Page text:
For the Quebec City privilege (which might expand to other systems), nothing special is required. The Quebec City Opus card readers are programmed to accept STM Maestro cards. The agreement between the two transit agencies is reciprocal, so Quebec City transit users will be able to travel on the STM network as well.

The Maestro card expires after two years, after which you have to go to the service centre and get a new one. There are no fees associated with getting the card or using the program.

See also: Cult MTL

Posted in Montreal, Public transit

Fagstein’s 2012-13 guide to holiday transit

As I have in previous years, I ask that you have some sympathy for the bus, metro or train driver, station attendant or other employee who has to work during the holidays – some on Christmas morning, some through midnight on New Year’s Eve – just so that you can get you from point A to point B in the dark, wet, snowy mess that is the last week of the year.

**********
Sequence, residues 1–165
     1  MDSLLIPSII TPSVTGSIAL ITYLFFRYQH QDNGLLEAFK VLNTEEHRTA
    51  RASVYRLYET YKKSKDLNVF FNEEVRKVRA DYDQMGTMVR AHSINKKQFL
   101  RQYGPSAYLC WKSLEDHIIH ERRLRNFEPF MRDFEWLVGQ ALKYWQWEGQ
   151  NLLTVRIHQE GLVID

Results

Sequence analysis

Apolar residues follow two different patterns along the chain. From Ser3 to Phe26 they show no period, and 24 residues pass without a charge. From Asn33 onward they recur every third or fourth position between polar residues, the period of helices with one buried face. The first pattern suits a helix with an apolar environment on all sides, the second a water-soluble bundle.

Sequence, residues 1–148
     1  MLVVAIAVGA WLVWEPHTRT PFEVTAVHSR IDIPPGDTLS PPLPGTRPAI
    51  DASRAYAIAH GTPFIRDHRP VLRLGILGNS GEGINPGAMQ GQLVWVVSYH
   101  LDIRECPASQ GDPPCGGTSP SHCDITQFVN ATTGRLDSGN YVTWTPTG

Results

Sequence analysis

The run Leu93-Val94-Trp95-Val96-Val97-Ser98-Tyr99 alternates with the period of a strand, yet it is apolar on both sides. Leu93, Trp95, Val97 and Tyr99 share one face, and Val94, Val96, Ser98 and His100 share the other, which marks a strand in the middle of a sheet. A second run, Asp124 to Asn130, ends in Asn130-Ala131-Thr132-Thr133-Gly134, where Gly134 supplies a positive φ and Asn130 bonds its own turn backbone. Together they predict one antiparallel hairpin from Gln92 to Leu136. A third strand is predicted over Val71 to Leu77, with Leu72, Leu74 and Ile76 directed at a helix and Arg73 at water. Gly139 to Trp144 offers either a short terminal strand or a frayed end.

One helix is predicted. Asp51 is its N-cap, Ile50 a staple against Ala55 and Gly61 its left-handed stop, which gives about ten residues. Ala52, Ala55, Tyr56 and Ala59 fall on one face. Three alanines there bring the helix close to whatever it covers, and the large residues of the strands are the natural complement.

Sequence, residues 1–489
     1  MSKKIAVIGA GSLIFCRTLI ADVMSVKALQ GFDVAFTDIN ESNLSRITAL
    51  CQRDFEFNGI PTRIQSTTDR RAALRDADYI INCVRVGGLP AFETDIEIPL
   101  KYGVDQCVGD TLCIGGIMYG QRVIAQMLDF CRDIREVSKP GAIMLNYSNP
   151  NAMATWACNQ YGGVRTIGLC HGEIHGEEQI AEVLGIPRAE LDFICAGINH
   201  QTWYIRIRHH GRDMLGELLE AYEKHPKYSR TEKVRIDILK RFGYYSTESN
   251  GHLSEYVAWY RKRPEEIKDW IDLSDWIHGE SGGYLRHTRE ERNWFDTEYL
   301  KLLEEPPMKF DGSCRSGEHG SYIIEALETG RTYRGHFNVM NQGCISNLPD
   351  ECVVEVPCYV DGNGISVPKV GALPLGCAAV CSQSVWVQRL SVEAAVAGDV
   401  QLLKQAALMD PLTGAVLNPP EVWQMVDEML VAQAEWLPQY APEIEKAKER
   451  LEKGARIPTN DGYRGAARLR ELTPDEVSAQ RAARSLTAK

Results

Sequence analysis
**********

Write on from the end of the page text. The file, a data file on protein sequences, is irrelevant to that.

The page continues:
Here’s what there is to expect as far as schedule changes this weekend and next:

STM (Montreal, including the entire metro)

Note that from Dec. 22 to Jan. 6, the STM offers its Family Outings plan, which allows an adult to bring up to five children under 12 to ride for free with a fare-paying adult. (Normally this is allowed only during weekends and statutory holidays.) This does not apply to the 747 bus.

  • Monday, Dec. 24:
    • Buses and metro service will follow a regular Monday schedule.
  • Tuesday, Dec. 25:
    • Most bus routes will run on a Sunday schedule.
    • Metro trains will pass about every 10-12 minutes on the green line and every 10 minutes on the other lines.
  • Wednesday, Dec. 26:
    • Most bus routes will run on a Saturday schedule.
    • Metro service will run on a special schedule, with additional trains added to the Orange and Green lines to accommodate rabid Boxing Day shoppers.
    • Monday to Friday shared taxi service will not be in operation.
  • Dec. 27-30: Normal schedules for all services.
  • Monday, Dec. 31:
    • Buses, metro and taxi service will follow a regular Saturday schedule.
    • As usual, there’s no extension of metro service despite how many people are out celebrating New Year’s Eve. Last trains of the night leave the two blue line terminuses at 12:15am, in all five directions from Berri at 1:00am and from Longueuil at 1:00am.
  • Tuesday, Jan. 1:
    • Most bus routes will follow Sunday schedules..
    • Metro trains will pass about every 10-12 minutes on the green line and every 10 minutes on the other lines.
  • Wednesday, Jan. 2:
    • Most bus routes and metro trains will follow a Saturday schedule.

Note that Opus cards can be recharged at any point after Dec. 20.